Senior Counsel: Martin Daly
The Government has decided to permit gatherings to participate in the limited forms of Carnival celebrations that it has belatedly decided to promote this season. Perhaps it should drop the safe-zones pretence. Such zones may not be workable with the freeing-up and leggo of Trinidad and Tobago Carnival.
There are to be 200 seating pods intended to confine spectators to groups comprising six or nine persons in each pod. There were many photographs of them. These pods are intended to show that the Government is not ripping up its own rules about gatherings of more than ten, for breach of which you could get instantly tear-gassed. In reality they are giving us a six and a nine for a ten in order to fool us into believing the celebrations are conforming to the “safe zones” policy.
The admonition to “stay in your section” will become “stay in your pod”. What happens when one spectator gives another in a nearby pod some current and enquires “your pod or mine”? Who is parting couples mingling and wining between designated pods?
Confinement to pods is one of the shaky attempts at control of the gatherings. The safe-zones policy requires performers and spectators alike to be vaccinated. How will spectators be kept out of the track, and who will be walking through the track to ask supporters to produce their vaccination documentation? Let us get real about the impracticality of that.
What if Jouvert groups emerge after imbibing the sweetness of the Taste of Carnival? Will we cast some law enforcement units, tear gas and all, to reprise the suppression role of Captain Baker as depicted in Eintou Springer’s excellent Kambule creation?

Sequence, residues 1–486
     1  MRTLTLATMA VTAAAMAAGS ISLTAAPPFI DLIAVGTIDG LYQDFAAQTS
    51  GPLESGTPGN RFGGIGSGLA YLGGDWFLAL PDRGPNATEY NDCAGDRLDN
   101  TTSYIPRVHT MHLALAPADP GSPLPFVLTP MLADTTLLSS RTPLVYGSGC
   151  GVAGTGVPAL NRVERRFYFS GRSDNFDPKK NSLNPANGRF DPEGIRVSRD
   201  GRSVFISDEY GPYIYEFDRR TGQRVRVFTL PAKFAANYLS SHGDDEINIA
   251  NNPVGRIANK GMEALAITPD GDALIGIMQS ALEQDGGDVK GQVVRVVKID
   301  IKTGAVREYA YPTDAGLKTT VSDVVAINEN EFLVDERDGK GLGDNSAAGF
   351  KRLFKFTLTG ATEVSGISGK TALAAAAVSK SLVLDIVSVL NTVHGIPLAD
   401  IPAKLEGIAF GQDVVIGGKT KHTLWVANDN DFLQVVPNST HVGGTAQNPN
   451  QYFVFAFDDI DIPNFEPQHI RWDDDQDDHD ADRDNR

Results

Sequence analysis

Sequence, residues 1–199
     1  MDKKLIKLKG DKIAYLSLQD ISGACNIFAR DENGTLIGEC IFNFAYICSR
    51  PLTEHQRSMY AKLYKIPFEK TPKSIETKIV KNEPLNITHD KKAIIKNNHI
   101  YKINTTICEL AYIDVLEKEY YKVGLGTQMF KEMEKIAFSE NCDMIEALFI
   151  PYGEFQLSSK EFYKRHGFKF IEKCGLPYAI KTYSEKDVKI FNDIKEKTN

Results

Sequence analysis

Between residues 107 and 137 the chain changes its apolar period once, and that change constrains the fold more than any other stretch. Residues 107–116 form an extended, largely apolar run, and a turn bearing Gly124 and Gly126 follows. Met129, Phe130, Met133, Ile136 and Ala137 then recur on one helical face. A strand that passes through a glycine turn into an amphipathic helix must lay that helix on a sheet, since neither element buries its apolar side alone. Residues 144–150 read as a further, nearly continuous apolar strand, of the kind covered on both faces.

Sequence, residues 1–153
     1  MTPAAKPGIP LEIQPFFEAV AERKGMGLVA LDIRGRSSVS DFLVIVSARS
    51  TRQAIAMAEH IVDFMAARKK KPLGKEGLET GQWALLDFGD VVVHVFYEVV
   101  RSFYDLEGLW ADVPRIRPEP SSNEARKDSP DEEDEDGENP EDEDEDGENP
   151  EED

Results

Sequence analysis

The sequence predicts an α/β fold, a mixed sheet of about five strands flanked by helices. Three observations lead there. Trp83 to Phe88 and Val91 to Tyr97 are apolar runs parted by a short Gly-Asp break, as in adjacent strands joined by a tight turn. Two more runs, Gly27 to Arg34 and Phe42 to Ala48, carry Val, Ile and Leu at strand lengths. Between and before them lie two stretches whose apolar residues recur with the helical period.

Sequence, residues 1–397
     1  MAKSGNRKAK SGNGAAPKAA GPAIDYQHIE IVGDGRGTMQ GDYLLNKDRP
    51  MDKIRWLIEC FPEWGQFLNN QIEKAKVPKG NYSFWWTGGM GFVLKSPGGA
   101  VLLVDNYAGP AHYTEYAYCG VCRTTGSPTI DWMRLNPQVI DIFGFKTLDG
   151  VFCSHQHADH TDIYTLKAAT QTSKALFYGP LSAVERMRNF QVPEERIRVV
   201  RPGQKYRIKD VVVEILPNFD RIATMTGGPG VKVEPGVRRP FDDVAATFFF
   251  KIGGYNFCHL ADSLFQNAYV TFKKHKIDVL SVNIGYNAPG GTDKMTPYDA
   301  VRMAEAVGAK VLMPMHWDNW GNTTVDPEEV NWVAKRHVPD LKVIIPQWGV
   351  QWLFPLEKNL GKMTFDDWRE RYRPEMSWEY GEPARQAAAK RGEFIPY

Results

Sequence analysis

Then there is the cost. The National Carnival Commission (NCC) reportedly submitted a budget for this mere “taste” of Carnival in the sum of $25 to $30 million. Following an outcry at this sum in these hard times, the Minister of Culture said such a budget was not approved. It is ridiculous not to have an approved budget until the late stage of Thursday last because money was already being spent. The undisclosed suppliers of steel and plywood and contractors already get fix up good, especially for the construction of the seating pods, which are already built, when we do not even know what the appearance fees for the performers will be.
That is a vivid demonstration of the traditional method of operation. Spend and incur liability, and successive nonchalant Ministers of Culture will pay after anticipated gate receipts and other revenue streams leave a shortfall between budget and cavalier expenditure, and taxpayers “done get stick”. That is why the narrative that the funding will also be sourced from gate receipts and sponsorships is ole talk.
Accountability requires a timely and approved budget be published, setting out as line items the categories of goods and services and their cost, as well as anticipated revenue. In the absence of accountability, the public may make certain assumptions. Perhaps a Midnight Robber should have accompanied the Pierrot Grenade at the pod press conference.
As a lifelong advocate of support for the performing arts, I am delighted that performers can earn some money after being unnecessarily crushed by Covid curfew and lockdowns as we Trinis get to exhale. As my artistic Cascade compere said, it will be a wonderful sign of life, exhibiting what we do best and so uniquely.
However, I say let us also have an honest and enlightened discussion about what it is intended to do for the entertainment sector in the future beyond this “taste”, particularly to facilitate better exposure abroad and earn foreign exchange.
We have not used the prolonged Covid down time to re-engineer the entertainment sector for the future. Instead we have what this newspaper described, in an editorial on Wednesday last, as an “extempo Carnival”, stating that “after two years, the public was entitled to expect innovation, imagination and planning and not an extempo Carnival developed on the go”.
Let’s fervently hope that the Carnival stage is not being set for a super-spreader event and consequently does not set up the public health authorities to wail about a critically diminishing number of hospital beds.
First published in Trinidad Daily Express Newspaper